Raphael has since graduated from our Village program. Recently, he and his wife were able to realize a dream and bought a home in San Antonio, Texas. He continues his care at the VA and is going back to school where he will pursue a master’s degree that allows him to counsel wounded warriors with severe post-traumatic stress.

As with the Harris family, when veterans graduate from our Village program, they will have VA benefits in place, debt significantly reduced, and emergency savings available.

“In 2015, Operation Homefront served 111 military families through our transitional housing program,” said Senior Director of Transitional Housing Gracie Broll. “Our goal at Operation Homefront is to ensure our military families remain strong, stable, and secure throughout transition from military to civilian life. We do this by walking hand-in-hand with each family while providing them with the tools and resources needed for success.”

While the Harris family has settled into their new home and new beginnings, their story can inspire other families who are still in transition.

HectorVillagesBlogRetired U.S. Marine Sergeant Hector Perez deployed multiple times to Iraq and Afghanistan during his term of service. On a deployment to Afghanistan, “A road side bomb detonated and hit my vehicle and I was injured – spinal cord injuries, neural damage to my left leg and left eye, and some TBI and PTSD as well,” he said.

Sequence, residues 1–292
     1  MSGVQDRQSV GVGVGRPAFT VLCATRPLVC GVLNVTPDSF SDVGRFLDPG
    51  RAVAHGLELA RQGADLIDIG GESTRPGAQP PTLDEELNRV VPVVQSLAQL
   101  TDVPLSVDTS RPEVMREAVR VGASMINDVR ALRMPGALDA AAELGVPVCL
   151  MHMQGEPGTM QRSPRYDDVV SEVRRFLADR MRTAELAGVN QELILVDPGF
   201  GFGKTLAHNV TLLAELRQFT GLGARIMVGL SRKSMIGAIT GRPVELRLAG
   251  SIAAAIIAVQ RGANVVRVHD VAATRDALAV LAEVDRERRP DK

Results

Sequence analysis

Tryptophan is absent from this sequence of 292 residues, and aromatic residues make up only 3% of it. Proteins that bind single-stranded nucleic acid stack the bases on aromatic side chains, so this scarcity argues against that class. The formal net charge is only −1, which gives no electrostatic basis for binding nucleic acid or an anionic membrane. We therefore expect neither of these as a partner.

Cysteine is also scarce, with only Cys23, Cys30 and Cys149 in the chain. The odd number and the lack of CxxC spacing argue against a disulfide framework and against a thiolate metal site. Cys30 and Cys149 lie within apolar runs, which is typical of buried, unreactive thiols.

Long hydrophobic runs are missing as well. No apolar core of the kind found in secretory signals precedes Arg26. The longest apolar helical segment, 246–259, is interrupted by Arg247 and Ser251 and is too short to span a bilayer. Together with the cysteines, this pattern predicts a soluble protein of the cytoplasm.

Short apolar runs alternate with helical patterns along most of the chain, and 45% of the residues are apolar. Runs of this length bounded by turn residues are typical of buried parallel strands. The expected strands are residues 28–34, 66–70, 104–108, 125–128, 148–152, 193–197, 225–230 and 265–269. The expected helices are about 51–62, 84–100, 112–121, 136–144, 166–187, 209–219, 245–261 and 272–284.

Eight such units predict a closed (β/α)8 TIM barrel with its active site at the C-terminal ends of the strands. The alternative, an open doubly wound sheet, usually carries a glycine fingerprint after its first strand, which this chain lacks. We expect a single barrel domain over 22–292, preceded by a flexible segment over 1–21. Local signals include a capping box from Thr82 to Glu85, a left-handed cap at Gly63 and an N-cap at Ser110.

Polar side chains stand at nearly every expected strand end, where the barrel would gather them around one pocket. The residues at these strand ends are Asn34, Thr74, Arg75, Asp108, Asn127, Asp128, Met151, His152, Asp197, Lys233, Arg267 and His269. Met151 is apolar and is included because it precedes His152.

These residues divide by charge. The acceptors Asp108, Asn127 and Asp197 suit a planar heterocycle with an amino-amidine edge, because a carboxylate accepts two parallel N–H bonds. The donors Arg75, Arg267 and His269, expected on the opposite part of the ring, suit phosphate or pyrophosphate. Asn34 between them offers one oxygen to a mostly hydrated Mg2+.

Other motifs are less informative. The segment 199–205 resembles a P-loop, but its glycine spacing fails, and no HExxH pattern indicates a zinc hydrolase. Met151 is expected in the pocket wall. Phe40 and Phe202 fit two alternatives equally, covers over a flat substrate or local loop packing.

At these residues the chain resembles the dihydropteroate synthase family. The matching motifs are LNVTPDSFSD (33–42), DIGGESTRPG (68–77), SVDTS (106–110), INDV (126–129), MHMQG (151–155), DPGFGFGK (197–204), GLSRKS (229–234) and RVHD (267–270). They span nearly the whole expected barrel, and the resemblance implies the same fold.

Like many in his situation, Hector was caught off guard and struggled to make ends meet during the transition process. Hector heard about our Operation Homefront Village from his recovery care coordinator and applied. He moved into the new Operation Homefront Village in San Diego, which celebrated its Grand Opening in January. There, he found relief and a way to get back on track with his life.

“It’s safe, it’s beautiful, it’s near all the VA (offices) I need,” said Hector. “Being a part of this community will help our family transition from active duty to retired tremendously.”

While at our Village, Hector will receive help to get control over his budget, reduce debt, and stabilize his treatment at the VA. He will also be given the tools and training he needs to establish a savings account and develop a plan for future housing.

“We will be able to focus on stabilizing income, bringing current debt down to a minimum, live in a safe environment with others in same position and continue care for disabilities,” added Hector. With the right supports in place, Hector now has hope for a bright future.

For many other families just like Hector and Raphael’s, our Villages provide a supportive environment, relieve the financial stress and provide a comprehensive package of individualized family support and financial planning services. Operation Homefront has Villages in three locations: Gaithersburg, Maryland; San Diego, California; and San Antonio, Texas. Since opening our first Village in March 2008, we have transitioned 453 families, which includes 724 military children.

View more pictures from the San Diego open house. Learn more about the Operation Homefront Villages.